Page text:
So, what actually is endometriosis?
Endometriosis by dictionary definition is “a condition resulting from the appearance of endometrial tissue outside the uterus and causing pelvic pain, especially associated with menstruation”.
It is actually quite a common condition, affecting 1 in 10 women worldwide, so why is it so rarely heard of?!
Endometriosis is difficult to diagnose, with it being dismissed by medical professionals as “normal” period pain and something that will get better with the pill and some pain relief. The average time for a diagnosis to be formally given is 10 years! This is due to the lack of understanding and research into the condition. Diagnosis’s are few and far between, a lot of people have ultrasound scans that show up totally normal, but there is no way of formally diagnosing without laparoscopic surgery. Laparoscopic surgery for endometriosis consists of a camera and light being inserted through keyhole incisions to find any endometriosis, then inserting surgical equipment to burn the endometriosis, in order to attempt to relieve symptoms.
Many women don’t know that they have endometriosis because they believe that their pain is normal and to be expected, in fact a lot of women with mild symptoms don’t discover that they have it until they try to conceive.
Symptoms vary from uterus to uterus. Some women with the condition have minimal pain and are able to go about their day to day life with little disruption, some are unable to conceive, and others are bed or even hospital bound with debilitating pains. Although symptoms vary, they are generally as followed:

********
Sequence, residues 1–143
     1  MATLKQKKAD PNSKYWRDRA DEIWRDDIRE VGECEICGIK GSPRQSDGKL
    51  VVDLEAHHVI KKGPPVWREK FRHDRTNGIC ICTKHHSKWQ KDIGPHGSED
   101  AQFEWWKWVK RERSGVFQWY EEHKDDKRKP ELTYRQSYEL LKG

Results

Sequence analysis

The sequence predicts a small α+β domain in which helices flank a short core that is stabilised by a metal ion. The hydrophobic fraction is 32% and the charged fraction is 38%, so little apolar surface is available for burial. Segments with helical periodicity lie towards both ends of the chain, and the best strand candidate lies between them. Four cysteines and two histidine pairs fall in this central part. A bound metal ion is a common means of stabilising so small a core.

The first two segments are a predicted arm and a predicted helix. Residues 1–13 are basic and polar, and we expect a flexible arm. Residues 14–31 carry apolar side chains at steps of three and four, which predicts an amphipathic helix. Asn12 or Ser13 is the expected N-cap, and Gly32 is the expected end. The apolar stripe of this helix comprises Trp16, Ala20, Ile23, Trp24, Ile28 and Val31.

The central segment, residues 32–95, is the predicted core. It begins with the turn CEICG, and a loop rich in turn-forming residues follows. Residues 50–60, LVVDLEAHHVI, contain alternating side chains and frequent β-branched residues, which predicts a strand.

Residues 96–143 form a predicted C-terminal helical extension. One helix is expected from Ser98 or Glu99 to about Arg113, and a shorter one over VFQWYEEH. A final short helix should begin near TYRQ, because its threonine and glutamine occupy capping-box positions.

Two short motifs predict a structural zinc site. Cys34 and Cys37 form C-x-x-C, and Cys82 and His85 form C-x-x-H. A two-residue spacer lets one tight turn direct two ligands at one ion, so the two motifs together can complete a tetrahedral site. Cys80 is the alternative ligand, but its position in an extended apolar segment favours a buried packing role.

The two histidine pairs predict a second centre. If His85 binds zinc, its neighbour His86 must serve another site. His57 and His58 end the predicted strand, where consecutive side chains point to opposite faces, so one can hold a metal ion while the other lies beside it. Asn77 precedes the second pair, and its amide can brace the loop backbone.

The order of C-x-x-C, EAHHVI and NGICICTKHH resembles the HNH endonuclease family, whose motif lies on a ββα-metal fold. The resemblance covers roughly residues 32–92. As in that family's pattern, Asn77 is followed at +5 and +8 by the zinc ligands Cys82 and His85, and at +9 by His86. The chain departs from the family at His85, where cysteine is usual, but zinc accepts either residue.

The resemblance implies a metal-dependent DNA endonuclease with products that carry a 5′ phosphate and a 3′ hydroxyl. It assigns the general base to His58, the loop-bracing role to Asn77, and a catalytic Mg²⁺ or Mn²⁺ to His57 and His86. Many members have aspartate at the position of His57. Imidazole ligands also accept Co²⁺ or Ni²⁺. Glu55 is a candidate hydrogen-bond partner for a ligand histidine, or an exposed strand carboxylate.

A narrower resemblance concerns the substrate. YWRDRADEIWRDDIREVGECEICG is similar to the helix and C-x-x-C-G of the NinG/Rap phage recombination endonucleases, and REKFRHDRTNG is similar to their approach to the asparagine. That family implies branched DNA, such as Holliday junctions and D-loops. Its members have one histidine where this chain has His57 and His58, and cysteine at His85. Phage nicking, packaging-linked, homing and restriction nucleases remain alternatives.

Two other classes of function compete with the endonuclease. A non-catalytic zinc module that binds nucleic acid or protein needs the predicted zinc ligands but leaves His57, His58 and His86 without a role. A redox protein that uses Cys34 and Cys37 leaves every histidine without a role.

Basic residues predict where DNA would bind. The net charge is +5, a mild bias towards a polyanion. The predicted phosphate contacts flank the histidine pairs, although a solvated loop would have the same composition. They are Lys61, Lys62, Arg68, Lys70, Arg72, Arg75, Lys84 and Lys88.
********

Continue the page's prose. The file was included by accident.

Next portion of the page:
- painful periods, or dysmenorrhea.
- pelvic, lower back and abdominal cramps and pains
- painful bowel movements during a period
- pain during or after sexual intercourse, or dyspareunia
- heavy menstrual bleeding
- specifically during the time of a period: constipation, bloating, sickness/nausea, fatigue and dizziness
- pain that stops you from doing your normal activities
- leg pain
Why is endometriosis even a thing?!
A question that I would love to be able to provide a solid answer to! There is no known “main” cause of endometriosis although it is thought to be, with supporting research, hereditary.
And a cure…?
You guessed it – there isn’t one! There are many ways to treat the symptoms of endometriosis, the contraceptive pill, the coil, laparoscopic surgery, strong pain killers, hot water bottles, hormone therapy, having treatment to put the body in a forced state of early menopause, and in some cases, a full hysterectomy.
Through funding, hopefully over time, there will be easily accessible, well researched treatment. Endometriosis UK, a charity based around the condition, are working so hard to provide help and support to those in need, whilst also raising money to make the future of endometriosis sufferers a whole lot brighter!
This Endometriosis Awareness Week, I will be asking for donations to the charity, in order to fund vital support services, so that they can continue to support the endometriosis community!
You can donate to the charity through my link here: